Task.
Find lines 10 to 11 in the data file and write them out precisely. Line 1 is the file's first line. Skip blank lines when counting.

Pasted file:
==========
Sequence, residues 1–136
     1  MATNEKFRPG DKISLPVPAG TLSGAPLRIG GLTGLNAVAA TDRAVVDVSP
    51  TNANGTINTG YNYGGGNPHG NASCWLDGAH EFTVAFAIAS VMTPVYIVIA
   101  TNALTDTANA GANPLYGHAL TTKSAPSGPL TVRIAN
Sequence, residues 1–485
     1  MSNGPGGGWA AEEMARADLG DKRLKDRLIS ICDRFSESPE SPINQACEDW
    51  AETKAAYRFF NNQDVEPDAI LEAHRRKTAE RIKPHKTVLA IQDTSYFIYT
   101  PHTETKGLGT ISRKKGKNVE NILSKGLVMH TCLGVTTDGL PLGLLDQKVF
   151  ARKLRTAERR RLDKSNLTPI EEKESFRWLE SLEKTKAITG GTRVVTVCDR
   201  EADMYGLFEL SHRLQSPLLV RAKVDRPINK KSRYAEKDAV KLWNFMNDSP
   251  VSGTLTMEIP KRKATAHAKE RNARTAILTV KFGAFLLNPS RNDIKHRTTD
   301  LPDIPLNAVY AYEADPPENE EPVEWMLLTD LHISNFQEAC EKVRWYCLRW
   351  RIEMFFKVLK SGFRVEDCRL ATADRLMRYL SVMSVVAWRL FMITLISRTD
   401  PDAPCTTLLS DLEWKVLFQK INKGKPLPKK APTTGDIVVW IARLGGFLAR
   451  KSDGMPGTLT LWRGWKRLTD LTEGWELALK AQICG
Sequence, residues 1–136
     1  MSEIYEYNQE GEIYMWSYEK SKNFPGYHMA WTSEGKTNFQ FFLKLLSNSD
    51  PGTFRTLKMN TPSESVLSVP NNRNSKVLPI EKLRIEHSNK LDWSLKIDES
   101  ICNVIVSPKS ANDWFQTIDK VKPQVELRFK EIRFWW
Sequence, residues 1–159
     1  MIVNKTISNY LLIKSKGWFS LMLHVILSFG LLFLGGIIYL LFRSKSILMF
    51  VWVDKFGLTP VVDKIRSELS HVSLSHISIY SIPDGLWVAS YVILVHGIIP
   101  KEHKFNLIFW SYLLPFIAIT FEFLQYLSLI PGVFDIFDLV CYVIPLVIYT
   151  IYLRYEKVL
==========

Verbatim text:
   201  EADMYGLFEL SHRLQSPLLV RAKVDRPINK KSRYAEKDAV KLWNFMNDSP
   251  VSGTLTMEIP KRKATAHAKE RNARTAILTV KFGAFLLNPS RNDIKHRTTD